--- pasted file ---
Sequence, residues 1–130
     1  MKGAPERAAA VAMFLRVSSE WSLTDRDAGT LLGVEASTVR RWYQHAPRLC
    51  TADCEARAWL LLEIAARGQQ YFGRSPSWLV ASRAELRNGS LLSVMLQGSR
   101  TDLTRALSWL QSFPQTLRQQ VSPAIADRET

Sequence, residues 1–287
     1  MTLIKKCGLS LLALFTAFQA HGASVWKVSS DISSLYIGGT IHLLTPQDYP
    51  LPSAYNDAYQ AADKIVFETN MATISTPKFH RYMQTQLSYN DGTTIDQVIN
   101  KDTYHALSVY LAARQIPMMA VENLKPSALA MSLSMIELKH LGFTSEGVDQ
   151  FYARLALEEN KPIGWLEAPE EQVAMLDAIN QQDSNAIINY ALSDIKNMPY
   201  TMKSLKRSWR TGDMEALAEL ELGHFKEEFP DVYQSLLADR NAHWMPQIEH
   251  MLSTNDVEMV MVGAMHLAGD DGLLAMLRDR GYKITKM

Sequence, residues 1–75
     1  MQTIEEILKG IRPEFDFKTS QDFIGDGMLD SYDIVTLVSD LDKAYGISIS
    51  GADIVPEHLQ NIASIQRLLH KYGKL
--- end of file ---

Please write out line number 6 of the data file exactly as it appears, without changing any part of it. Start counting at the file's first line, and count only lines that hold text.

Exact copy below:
     1  MTLIKKCGLS LLALFTAFQA HGASVWKVSS DISSLYIGGT IHLLTPQDYP